Nessa O’Mahony, ‘From colour-coded messages to skilful portraits’, review of Medbh McGuckian, The Currach Requires No Harbours, and Cherry Smyth, One Wanted Thing, in The Irish Times (14 April 2007), Weekend Review, p.12.

Last year I visited an exhibition of work by the Russian artist, Wassily Kandinsky, at the Tate Modern. Each canvas showed the painter’s gradual shift from figurative clarity to multi-coloured abstraction as he developed his theory that colour could stimulate emotion in the same way that classical music could. I gazed at the later paintings, attempting to decipher those gorgeous swirlings; the response, when it eventually came, was visceral rather than intellectual.

The experience of reading Medbh McGuckian’s poetry can be somewhat like that. She is a writer who creates images of haunting beauty using language that resists easy interpretation. She herself has described her technique as “like embroidery”. In a 1990 interview with Rebecca Wilson she said: “I take an assortment of words, though not exactly at random, and I fuse them”; her latest collection, The Currach Requires No Harbours, once again offers the reader a work of richly confusing threads.

So what can the reader use to navigate her way into the poems? Colour, for one. The critic Peggy O’Brien has called McGuckian’s use of colour “a readable shorthand”, and here the poet continues to use colour as a type of private code. Most of the poems in this collection refer to various hues, with blue a recurring tint; in “Catherine’s Blue” we read of the “shell-covered eyes, eaten up / by the blue that marked a local saint”; there is the “coal-derived blues” of “Bleu de Paris” or the “false blue” in “The Wrens of the Curragh”. There is, in fact, an entire and often startling spectrum, from the “lime / and red” of “My Must” and the “pearl-grey/ wood the sea throws up on beaches” in “Three Legged Angel” to the “brown-violet sea” of “Medieval Scriptorium”.

The recurrence of colour, along with images of angels, haloes, sculptures and religious artefacts contained in these poems, reassures the reader that there is some pattern here, some overall meaning to be wrested from the gorgeous if opaque language. As with the abstractions of Kandinsky, we must trust the mood evoked by the arrangement of words on the page rather than strain after their meaning.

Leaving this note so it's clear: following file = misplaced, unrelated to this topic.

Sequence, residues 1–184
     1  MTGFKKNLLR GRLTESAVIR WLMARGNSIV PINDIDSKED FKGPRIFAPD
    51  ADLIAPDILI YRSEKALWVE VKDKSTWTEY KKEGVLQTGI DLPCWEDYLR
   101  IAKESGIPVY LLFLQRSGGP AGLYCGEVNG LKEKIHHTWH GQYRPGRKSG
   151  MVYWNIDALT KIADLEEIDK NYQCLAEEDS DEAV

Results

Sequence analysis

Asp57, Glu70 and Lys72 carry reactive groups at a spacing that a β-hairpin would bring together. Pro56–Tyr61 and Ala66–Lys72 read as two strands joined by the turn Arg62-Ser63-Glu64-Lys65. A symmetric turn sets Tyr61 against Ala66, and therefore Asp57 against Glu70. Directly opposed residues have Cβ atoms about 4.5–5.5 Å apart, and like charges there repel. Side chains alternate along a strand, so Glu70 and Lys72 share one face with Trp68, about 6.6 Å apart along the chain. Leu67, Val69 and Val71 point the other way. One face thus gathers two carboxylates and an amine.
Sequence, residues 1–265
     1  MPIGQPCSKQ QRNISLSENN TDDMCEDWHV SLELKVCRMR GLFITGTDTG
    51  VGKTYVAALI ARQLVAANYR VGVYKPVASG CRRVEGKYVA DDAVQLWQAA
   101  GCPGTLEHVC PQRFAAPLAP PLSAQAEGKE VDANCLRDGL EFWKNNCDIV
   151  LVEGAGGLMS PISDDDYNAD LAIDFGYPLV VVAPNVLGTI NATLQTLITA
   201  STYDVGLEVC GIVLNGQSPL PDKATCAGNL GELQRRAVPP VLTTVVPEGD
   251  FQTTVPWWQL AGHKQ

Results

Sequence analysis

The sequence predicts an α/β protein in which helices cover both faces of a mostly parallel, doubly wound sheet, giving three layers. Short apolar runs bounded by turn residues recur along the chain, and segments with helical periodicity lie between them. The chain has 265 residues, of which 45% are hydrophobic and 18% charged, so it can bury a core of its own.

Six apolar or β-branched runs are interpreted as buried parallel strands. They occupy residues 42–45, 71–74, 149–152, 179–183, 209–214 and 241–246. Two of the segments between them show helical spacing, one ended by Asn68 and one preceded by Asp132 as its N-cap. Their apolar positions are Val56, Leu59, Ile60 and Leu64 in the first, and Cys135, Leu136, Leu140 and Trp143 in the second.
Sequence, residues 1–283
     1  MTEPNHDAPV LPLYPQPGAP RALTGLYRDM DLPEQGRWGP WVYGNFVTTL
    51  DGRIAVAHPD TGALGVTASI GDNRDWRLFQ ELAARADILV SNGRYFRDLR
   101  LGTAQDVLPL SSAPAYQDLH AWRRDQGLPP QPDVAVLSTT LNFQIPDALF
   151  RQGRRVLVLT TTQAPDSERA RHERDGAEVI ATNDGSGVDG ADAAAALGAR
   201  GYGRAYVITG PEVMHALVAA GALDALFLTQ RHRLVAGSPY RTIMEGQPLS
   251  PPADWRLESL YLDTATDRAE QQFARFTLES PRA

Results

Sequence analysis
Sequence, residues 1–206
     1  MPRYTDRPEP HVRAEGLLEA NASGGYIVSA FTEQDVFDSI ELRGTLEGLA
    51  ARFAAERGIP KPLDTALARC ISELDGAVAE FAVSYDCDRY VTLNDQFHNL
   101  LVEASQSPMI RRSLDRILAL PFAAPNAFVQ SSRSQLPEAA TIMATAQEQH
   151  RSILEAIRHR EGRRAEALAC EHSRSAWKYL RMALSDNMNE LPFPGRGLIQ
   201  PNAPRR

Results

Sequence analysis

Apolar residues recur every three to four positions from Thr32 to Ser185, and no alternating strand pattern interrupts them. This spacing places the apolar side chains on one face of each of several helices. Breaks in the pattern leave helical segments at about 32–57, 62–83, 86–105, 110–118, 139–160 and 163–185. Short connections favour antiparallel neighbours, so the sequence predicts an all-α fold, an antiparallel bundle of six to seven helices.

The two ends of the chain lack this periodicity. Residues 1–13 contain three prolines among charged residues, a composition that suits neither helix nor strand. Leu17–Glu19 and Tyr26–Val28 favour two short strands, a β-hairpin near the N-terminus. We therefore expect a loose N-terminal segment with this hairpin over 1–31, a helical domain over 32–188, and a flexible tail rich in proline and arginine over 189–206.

Turning from McGuckian to Cherry Smyth’s second collection, One Wanted Thing, is like finding a James Hanley portrait hung alongside a Kandinsky. Here is clarity and realism, couched in language that is accessible and inventive. The title poem of this collection was nominated for the Forward Best Poem of the Year 2004, and carries all Smyth’s hallmarks: precision, linguistic inventiveness and joy:

You come down the steep slope
in a yellow fleece, scattering yellow
like pollen,

Smyth is a skilful portraitist, as comfortable with landscape as she is with the ambivalence of intimate relationships. In “Lacan’s Idea of Love” we see how “Geese tow white stitches / against the trees, the treeline a snug eyebrow” while in Water the speaker’s immersion in water is compared with how

[ . . . ] love should be,
elastic, fluent, so familiar
you can’t tell if you’re in it or out of it.

There are moving poems, not the least being those in which the poet describes the aftermath of a car crash in which her parents were injured. The sudden and shocking role reversal in which the child finds herself looking after her parents is well captured in poems such as “Chore”: “I wondered if he’d seen the blood I swabbed / from his ears, his bashed scarlet sockets”.

Equally compelling and unsentimental is the portrait of the poet, Adrian Fox, felled by a stroke in 2005: “All I could think of for days / was the fat slug of toothpaste/ the nurse fretted round your teeth”. Smyth received much critical acclaim for her debut collection, “When the Lights Go Up”. On the evidence of “One Wanted Thing”, she has managed the challenge of the difficult second collection very well indeed.

[ Nessa O’Mahony is a poet. Her second collection, Trapping a Ghost, was published by Bluechrome, Bristol, in 2005 and her third, The Side Road to Star, is due next spring.]

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